Prolonged coronavirus outbreak can hurt Asia-Pacific economies, banks to take maximum hit: Moody’s


Mumbai: The deadly coronavirus outbreak, which has so far killed over 1,100 people in China, can hit economies of the Asia-Pacific region if it prolongs, and the impact will be more pronounced on banks with poor profitability and asset quality, rating agency Moody’s has said. Many parts of China are in a shutdown mode after the virus outbreak last month.

The World Health Organisation has described the epidemic as very serious and has issued a global alarm. Already many industries have been hit across the world as China is the single-largest source market for the world economy today.

Moody’s in a note on Wednesday warned that the larger impact on regional economies will be visible through poor bank profitability and worsening asset quality because of the impact the hit on travel and tourism, consumption, commodity prices and supply chain disruptions will have on banks.


“If the outbreak of the coronavirus outbreak intensifies and the disruptions stemming from it are not contained in the next few months, it will hurt the asset quality and profitability of banks in the Asia-Pacific region,” Moody’s Investors Service warned.

“The severity and length of the outbreak remain highly uncertain. If the virus related disruptions are short-lived, there will be a limited credit impact on APAC economies and banks. However, the outbreak can also last for a prolonged period and become more severe,” it said.

On travel and tourism, the note said as people travel less, economic growth and employment conditions will weaken in these economies in general and those dependent on foreign travellers in particular.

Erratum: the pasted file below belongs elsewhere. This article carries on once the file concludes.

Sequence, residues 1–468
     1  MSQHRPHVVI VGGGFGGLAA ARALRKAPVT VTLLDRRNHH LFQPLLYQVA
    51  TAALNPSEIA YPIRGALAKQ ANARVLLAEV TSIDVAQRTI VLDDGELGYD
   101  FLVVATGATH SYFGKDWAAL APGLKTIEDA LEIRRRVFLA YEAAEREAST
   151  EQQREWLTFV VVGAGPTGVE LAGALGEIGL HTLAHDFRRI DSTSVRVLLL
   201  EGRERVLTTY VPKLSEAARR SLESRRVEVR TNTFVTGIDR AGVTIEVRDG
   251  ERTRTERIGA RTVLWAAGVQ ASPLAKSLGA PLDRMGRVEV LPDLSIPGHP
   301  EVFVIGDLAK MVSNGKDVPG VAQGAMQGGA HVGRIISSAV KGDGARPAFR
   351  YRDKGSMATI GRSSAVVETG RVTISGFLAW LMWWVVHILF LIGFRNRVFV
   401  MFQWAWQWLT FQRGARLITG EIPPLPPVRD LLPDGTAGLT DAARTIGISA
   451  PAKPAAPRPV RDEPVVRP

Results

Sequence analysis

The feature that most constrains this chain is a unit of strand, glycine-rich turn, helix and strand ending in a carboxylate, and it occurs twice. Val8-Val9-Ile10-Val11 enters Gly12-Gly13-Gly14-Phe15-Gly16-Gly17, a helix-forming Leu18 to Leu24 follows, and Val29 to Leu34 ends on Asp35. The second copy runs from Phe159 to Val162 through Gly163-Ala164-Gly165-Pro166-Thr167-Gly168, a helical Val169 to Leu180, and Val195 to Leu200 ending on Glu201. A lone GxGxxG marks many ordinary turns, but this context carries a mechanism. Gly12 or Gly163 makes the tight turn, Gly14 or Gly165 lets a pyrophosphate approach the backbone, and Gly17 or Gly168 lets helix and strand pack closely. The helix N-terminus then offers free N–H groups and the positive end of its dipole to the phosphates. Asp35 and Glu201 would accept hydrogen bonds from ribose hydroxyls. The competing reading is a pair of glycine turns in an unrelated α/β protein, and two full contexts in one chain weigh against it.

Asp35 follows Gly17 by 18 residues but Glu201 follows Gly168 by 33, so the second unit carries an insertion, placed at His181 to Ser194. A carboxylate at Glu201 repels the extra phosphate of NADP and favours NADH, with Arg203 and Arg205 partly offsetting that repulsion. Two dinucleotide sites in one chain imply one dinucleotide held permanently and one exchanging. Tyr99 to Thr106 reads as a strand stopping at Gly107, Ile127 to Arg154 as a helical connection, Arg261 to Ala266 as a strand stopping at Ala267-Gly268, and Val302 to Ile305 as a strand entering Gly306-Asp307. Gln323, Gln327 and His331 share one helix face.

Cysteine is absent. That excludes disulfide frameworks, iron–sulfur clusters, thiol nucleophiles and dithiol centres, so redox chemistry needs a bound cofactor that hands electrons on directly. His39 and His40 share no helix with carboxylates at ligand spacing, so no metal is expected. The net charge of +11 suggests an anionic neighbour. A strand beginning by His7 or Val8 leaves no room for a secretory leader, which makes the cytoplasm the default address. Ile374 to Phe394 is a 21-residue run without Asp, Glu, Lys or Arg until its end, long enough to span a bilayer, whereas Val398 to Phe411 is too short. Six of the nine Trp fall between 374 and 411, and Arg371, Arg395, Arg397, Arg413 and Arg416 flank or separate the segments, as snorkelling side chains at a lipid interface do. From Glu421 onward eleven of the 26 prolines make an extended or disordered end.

“This will hurt banks’ asset quality, in turn driving up credit costs and weakening profitability,” it said.

If the outbreak lasts longer, it will force households to consume less at brick-and-mortar retail outlets, hurting businesses that are dependent on domestic private spending. Banks will face credit losses from exposures to weaker companies, it added.

Factory closures in China will disrupt supply chains, particularly in electronics and automotive sectors, which are already impacted by it.

“In that event, credit risks for banks will arise from financing for suppliers or subcontractors that are dependent on orders from major technology or auto companies,” it said.

Poor demand from China will drive down commodity prices, pulling down growth in commodity-exporting countries, impacting the financial health of commodity companies, which will pose risks to banks’ asset quality.

Real estate prices can decline as a result of weaker economic growth and investor confidence, leading to larger losses on mortgages and property exposures, it added.

The impact on the financial markets will be visible through falling prices of financial assets, leading to a decline in value of mark-to-market securities held by banks and fall in revenue from financial markets, it said.

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